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Lisp and Ruby 336

Posted by kdawson
from the sittin'-in-a-tree dept.
sdelmont writes "The developers of Rubinius, an experimental Ruby interpreter inspired by SmallTalk, have been discussing the possibility of adding a Lisp dialect to their VM. Pat Eyler collected some ideas and opinions from the people involved and it makes for some interesting reading. For many, Ruby already is an acceptable Lisp, and the language itself started as a 'perlification' of Lisp (even Matz says so) so it is perhaps fitting and might help explain why the whole idea feels right. Now, if someone added support for VB and gave it the respect it deserves, the world would be a better place."
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Lisp and Ruby

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  • Yeah, it's cool to virtualize, introduce dialects, interpret, etc. etc. Now, for the first time ever, we have cheap mainstream computer hardware that's capable of handling all these ideas in an acceptable way. But, isn't it a huge waste of resources? What about performance?

    I mean, take Lisp and its performance. Compare it to Ruby's. Matz said himself that Ruby started as a kind of Lisp reconsideration. And you call this progress?

    The thing is that you can implement a dynamic language that isn't painfully s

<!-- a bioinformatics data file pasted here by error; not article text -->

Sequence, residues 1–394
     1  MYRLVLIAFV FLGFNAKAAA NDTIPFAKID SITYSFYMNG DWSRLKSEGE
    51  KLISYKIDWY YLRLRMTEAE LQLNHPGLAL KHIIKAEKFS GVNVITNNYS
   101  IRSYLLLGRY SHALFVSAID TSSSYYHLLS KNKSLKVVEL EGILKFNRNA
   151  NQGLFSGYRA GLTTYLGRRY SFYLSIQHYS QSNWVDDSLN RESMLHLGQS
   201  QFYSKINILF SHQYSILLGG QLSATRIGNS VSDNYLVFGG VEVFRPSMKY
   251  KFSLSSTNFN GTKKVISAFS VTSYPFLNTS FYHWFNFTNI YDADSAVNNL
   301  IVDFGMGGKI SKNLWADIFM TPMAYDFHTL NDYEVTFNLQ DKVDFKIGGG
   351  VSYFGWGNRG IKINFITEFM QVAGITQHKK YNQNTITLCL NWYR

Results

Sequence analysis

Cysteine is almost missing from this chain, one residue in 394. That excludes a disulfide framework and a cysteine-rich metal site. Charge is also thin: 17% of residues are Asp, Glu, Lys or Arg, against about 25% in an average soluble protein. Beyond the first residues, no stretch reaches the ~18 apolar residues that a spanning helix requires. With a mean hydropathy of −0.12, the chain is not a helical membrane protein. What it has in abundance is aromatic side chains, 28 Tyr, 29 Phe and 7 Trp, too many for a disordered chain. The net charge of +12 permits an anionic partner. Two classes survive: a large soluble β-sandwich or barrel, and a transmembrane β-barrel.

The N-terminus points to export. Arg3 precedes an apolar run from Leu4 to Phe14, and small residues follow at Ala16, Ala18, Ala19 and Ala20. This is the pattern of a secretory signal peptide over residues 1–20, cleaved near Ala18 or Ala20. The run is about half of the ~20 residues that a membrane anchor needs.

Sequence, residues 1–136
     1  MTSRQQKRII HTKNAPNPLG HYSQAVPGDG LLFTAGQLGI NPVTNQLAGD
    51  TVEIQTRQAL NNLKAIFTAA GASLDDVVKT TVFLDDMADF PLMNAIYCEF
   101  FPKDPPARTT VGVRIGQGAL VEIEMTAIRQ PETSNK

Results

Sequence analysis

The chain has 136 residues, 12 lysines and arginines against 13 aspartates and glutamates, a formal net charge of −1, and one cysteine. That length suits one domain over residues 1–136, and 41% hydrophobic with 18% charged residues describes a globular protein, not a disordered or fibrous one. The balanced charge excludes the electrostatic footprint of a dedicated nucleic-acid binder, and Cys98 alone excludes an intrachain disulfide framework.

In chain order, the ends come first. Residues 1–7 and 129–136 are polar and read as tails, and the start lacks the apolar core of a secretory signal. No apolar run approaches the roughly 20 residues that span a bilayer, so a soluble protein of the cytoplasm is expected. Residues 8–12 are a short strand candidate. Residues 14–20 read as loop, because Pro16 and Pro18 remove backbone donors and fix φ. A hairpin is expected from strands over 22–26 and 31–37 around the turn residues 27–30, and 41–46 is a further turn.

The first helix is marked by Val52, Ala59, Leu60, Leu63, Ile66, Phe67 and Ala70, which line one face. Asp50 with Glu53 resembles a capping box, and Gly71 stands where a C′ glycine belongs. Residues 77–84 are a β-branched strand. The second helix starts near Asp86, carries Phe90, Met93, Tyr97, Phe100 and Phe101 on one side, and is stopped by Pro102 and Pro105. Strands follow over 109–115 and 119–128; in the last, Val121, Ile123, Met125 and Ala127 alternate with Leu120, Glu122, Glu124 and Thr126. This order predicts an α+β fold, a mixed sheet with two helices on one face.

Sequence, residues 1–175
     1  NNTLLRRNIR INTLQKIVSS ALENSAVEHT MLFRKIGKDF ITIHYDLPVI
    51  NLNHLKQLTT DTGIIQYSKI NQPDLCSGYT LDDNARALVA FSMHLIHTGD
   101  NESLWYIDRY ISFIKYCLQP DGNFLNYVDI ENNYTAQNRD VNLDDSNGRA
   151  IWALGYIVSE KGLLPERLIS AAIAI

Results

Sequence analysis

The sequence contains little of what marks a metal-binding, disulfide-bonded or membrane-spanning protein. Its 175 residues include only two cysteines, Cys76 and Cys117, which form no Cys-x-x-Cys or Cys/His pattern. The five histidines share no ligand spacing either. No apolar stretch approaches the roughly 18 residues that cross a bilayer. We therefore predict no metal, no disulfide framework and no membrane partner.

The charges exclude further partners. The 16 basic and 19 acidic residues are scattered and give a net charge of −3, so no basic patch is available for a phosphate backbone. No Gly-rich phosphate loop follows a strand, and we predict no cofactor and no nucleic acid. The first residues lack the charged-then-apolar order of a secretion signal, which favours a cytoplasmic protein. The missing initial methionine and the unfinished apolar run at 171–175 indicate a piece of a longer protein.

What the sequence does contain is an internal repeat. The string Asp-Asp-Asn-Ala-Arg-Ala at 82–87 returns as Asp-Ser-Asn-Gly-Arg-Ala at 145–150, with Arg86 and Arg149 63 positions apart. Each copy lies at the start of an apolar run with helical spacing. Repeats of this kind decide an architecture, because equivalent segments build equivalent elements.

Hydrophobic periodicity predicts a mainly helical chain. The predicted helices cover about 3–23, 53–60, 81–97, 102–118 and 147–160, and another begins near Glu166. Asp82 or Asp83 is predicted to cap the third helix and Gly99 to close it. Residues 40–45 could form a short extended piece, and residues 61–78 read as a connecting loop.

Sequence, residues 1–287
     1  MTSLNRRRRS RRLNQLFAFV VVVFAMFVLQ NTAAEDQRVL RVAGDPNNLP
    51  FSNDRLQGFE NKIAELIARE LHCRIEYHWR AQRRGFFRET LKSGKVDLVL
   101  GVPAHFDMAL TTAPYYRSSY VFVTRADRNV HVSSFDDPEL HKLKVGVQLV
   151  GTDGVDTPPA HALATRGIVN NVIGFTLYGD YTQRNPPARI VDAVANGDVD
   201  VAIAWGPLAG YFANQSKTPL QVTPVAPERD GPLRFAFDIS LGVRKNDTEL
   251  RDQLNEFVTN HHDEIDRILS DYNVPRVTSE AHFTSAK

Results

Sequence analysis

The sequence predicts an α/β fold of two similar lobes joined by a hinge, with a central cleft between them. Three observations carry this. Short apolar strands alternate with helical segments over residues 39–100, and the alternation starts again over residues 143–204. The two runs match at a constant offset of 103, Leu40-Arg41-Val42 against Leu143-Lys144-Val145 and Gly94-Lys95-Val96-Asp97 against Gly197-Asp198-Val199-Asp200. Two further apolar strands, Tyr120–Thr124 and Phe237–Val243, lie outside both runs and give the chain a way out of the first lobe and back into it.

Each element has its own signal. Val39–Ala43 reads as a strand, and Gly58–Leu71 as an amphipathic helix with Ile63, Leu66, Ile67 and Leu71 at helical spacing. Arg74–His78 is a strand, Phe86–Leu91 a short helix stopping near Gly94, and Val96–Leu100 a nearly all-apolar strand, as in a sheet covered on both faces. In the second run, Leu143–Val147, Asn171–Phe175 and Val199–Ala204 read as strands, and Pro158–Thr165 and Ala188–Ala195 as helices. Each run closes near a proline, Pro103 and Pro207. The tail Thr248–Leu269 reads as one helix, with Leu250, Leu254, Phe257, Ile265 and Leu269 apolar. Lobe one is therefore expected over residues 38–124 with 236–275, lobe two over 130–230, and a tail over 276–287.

• Re: (Score:2, Funny)

      by fatphil (181876)
      This reminds me of Greenspun's Tenth Rule:

      Any sufficiently complicated C or Fortran program contains an ad hoc, informally-specified, bug-ridden, slow implementation of half of Common Lisp.

      As long as it can send mail, that's the only feature that matters (and whose rule is that?).
      • Re: (Score:3, Funny)

        by marcosdumay (620877)
        The question is: Is half lisp better or worse than a full one?
      • by Lucas.Langa (922843) on Sunday January 14, 2007 @10:28AM (#17602148) Homepage

        As funny as your comment is, it made me wonder... There is a very loud pro-Lisp community that tells everyone who is not using Lisp that they should since it solves most of the problems they have in the first place. OK, fair enough. But I have that strange feeling that assuming the developers to be usually very smart and very lazy, we would see them all convert to Lisp if it really was the ultimate answer [1].